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Home > Birds > Turquoise Green-Cheeked Conure: History & Care (With Pictures)

Turquoise Green-Cheeked Conure: History & Care (With Pictures)

Turquoise green cheek conure

What’s green, blue, and talks like you? One of the most popular pet birds in North America!

A Turquoise Green-Cheeked Conure bird is a medium-sized parrot that can grow up to 25 inches long from head to tail. They’re native to Central and South America, but they’ve been introduced worldwide. These birds are known for their beautiful colors and their ability to mimic human speech patterns.

The Turquoise Green-Cheeked Conure is an expensive but attractive option for a pet, and in this blog post, we’ll tell you everything you need to know about this little bird.


Species Overview

turquoise green cheeked conure
Image Credit: Close to Me Photography, Shutterstock
Common Names: Green-Cheeked Parrakeet
Scientific Name: Pyrrhura molinae
Adult Size: 10 inches
Life Expectancy: 20–30 years

Origin and History

The Green-Cheeked conure is also known as the Turquoise-Fronted Conure. They’re native to South America, where they live in groups of 6–20 birds. According to a small number of zoos that keep these birds as pets, it has some individuals have been recorded to reach 60 years if age in captivity!

Originally found in Bolivia and southern Brazil, the Turquoise Green-Cheeked Conure is now found in many countries, including Argentina, Belize, Bolivia, Brazil, Colombia, Ecuador, French Guiana, Guyana, Peru, and Suriname. It has even been introduced to Florida and Hawaii.

Its natural habitat includes forest edges with tall trees and thick vegetation. The Green-Cheeked Conure is also found in woodland and agricultural areas, and it can be seen at the edges of the rainforest. It’s not clear exactly how the bird got to Hawaii, but some believe that they were introduced by humans years ago.

Locals recognized these birds for many years, but they weren’t officially named until 1873. They were spotted by German explorer Alfred Brehm in the Bolivian jungle, who wrote about them in his journal and classified them under a new species name. In 1926, English ornithologist Philip Sclater gave the bird its current scientific name.

Turquoise Green-Cheeked Conure Colors and Markings

Green cheek conure turquoise pineapple
Image Credit: Jida Xu, Shutterstock

The head and chest of this parrot are turquoise green, which is their namesake. They have black beaks, lips, and ears, with a white spot on top of the upper mandible. The eyes are brown or orange-brown. Their chests are a mixture of vibrant greens, blues, and yellows. They have a dark stripe on their upper abdomens, which extends to the top of the chest. The back of this bird is green or brown with black feathers.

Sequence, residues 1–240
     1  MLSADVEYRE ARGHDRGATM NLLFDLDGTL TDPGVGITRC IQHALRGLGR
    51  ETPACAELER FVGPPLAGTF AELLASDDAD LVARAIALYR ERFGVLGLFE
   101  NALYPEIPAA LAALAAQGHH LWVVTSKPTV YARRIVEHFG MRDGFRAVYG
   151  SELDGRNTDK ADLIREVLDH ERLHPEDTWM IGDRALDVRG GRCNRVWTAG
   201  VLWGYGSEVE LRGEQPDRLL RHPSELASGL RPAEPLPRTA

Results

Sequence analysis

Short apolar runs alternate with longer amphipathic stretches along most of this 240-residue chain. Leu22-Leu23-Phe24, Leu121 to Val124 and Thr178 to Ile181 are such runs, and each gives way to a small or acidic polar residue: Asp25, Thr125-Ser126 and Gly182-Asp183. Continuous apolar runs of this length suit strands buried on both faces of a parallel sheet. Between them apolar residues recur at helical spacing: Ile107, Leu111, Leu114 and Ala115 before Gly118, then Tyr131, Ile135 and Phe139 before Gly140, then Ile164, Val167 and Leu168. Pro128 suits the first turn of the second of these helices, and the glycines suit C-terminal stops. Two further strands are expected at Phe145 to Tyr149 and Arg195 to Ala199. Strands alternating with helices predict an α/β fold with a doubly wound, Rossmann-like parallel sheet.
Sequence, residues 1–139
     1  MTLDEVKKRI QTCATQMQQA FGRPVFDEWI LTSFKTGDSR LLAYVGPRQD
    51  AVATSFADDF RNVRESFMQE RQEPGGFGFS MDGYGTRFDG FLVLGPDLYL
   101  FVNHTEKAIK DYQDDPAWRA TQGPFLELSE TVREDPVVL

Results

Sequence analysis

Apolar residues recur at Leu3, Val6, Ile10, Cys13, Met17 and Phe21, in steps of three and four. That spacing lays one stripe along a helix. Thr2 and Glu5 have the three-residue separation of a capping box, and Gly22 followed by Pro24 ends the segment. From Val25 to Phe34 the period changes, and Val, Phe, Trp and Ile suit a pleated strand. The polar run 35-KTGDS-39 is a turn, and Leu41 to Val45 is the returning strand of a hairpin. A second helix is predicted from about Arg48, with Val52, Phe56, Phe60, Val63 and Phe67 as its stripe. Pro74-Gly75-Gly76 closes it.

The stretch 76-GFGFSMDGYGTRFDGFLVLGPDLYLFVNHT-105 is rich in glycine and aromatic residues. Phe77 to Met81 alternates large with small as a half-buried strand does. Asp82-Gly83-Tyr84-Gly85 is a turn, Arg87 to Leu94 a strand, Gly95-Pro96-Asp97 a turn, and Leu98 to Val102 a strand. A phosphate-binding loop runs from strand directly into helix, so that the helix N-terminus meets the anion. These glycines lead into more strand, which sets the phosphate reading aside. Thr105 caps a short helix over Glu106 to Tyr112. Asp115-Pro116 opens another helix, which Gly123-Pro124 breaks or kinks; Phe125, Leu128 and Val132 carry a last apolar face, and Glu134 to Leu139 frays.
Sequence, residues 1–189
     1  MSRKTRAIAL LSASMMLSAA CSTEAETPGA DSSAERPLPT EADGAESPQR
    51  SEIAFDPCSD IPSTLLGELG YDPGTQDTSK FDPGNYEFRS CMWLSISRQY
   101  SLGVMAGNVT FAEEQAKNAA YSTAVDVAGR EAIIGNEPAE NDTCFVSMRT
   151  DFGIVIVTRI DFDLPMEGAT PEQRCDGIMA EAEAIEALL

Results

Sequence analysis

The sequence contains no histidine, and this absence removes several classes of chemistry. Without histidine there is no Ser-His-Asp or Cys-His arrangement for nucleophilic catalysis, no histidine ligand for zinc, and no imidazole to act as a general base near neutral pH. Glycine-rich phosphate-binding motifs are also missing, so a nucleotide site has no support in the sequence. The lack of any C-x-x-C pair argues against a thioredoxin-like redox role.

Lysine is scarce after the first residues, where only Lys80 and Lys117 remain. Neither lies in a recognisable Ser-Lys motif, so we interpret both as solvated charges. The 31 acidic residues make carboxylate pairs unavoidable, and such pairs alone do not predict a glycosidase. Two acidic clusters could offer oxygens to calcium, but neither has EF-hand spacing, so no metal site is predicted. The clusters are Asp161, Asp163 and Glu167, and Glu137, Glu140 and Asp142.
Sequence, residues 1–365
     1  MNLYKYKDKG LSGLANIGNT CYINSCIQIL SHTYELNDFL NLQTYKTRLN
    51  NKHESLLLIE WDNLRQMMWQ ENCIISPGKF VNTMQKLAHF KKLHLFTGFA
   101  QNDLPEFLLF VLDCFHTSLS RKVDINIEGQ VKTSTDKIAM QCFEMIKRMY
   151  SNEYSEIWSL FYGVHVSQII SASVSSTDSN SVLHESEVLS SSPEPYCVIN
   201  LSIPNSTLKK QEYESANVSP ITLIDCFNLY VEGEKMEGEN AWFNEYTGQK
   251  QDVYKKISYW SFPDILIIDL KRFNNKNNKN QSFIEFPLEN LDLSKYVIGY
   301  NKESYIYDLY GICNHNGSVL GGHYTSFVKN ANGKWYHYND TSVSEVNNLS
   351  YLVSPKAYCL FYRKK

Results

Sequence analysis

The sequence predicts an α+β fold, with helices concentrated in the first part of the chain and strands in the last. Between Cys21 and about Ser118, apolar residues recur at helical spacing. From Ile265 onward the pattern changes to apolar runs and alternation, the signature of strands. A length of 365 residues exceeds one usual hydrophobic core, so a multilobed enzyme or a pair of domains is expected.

The feet of this species are gray or white, and the tail is bluish-black at the tips and more green near its base. The bottom of the tail is green or brown.

Where to Adopt or Buy a Turquoise Green-Cheeked Conure

These birds are quite rare and only available through particular breeders.

Feral populations have been found in Florida and Hawaii, but they’re scarce. If you find a wild-caught Green-Cheeked Conure while hiking or bird watching, consider reporting the sighting to your state wildlife organization. Not just because it’s illegal to keep one as a pet, but because of a small group of people, this species could die out if too many are caught.

If you plan to adopt or buy a Green-Cheeked Conure, you’ll want to make sure that it’s captive-bred and not wild-caught. If the breeder doesn’t know its origin, then avoid buying from them.

The average price for a regular Green-Cheeked Conure is around $450, and these birds are available in most pet stores. On top of adoption fees, you’ll need to budget for housing and food.


Final Thoughts

With all this new information, we hope you come to find the Turquoise Green-Cheeked conure an attractive and interesting option for a pet. It’s not cheap, but it is rare–and unique! All these qualities make the bird worth your while.

If you’re interested in learning more about other species of birds, just check out our blog on any number of different types that are right for your home or office. We’ll be happy to share everything we know with you, so feel free to ask us questions at any time!

Featured Image Credit: 2008-02-10 Uroko-vivi, Toumoto(愛鳥写真家 おぴ~とうもと), Wikimedia Commons, CC 3.0 International

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